The first attempt at fitting these classes together wasn't entirely successful and in its process also made the discovery of some good fixes in the base FreeCAD application. The end result for the dependency chart (below) for the structure seemed logical but introduced several difficulties.

Logically the structure makes sense in terms of the object hierarchy. However, for the program it doesn't. When the StockGeometry, or CamPartList features update, the tool paths will not automatically update. It took me two hours to figure that one out and it didn't look pretty. Boo hoo.

I had two beers and a night off to think about this on Sunday. It became apparent that the CamFeature was simply a top level container that would provide a general interface for accessing and managing the other features - it didn't control the actual CAM process.

Instead I created an object hierarchy like so. Essentially GCodeFeature is the result from the combined results of the TPG. However we get the all the glorious updating mechanism with this.

The ToolPaths manages the Input and controls the process of updating the TPGFeatures eventually more intelligently.

The TPGFeatures are quite dumb. They behave like blackboxes and are given an input, do their thing and spit back a result. The nice thing is thing about this it will allow new TPG's to be more quickly developed since the developers don't have to set up the document feature, but only have to provide the input and in return can get the GCode back.

Sunday, 14 October 2012

CAM Module

FreeCAD CAM Module.  Take 2:

After a fair bit of discussion through the Google Docs, Blog Entries, Forum Posts and ofcourse some IRC chatting Ideas we have pushed again and started the CAM 2 Module. Perhaps it's incorrect to say CAM2 but we are definitely putting the new source files in a new folder since we are essentially starting from scratch. We have even been blessed with a new subheading on the FreeCAD forums.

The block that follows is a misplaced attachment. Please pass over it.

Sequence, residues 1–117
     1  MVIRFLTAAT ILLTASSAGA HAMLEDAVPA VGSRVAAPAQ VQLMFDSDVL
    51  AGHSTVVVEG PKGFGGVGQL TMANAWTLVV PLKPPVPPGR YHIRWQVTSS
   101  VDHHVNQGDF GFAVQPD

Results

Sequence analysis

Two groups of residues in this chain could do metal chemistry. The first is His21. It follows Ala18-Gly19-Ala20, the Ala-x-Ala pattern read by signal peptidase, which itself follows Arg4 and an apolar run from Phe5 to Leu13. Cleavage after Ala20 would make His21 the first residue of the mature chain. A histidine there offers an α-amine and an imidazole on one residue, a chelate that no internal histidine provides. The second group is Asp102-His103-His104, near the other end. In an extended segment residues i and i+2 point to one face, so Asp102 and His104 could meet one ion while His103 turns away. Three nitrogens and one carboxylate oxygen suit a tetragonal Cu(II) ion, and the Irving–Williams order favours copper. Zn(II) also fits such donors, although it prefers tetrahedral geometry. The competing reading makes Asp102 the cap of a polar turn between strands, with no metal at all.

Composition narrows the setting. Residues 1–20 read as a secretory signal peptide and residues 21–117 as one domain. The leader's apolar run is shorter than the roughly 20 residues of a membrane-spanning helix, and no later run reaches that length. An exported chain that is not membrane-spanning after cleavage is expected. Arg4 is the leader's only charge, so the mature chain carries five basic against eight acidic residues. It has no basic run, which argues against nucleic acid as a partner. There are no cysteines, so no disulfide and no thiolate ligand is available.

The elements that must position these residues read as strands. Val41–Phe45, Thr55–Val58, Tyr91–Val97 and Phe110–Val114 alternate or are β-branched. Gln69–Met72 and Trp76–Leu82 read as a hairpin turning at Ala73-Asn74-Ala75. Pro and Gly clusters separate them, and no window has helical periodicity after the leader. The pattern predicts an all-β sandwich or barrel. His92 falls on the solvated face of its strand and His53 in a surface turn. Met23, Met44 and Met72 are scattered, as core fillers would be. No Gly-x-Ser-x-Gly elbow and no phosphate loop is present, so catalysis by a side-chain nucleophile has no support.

Objectives for this Module:

Essentially we aim to integrate the whole CAM workflow into FreeCAD.  The tool algorithms are developed  already in many libraries and are already useful but there is no practical integration within FreeCAD.

Secondary Objective : To cut out Sliptonic's spider!

The rough workings of CAM from a newbie:

The module will take your 3D Part within FreeCAD as the primary input. We provide a set process this with tooling algorithms which generates machine instructions (tool paths) known as GCODE. These are post-processed manually by the user and can be visualised within FreeCAD to check for any problems. We are basing a lot of the design on the work already achieved by HeeksCNC.

CAM in this Module will be a subtractive process -we remove material from a piece of Stock - such as sheet of steel by a series of operations. Each operation will be generated by a TPG - a Tool Path Generator. These are plugins which can be written in c++, python perhaps other languages and use their own algorithms to generate paths for the CAM Machine to remove material. These TPGs aim to be flexible, so we can call a  process to proprietary application allow this to do the hard work and then import it back into FreeCAD, but this process being entirely transparent.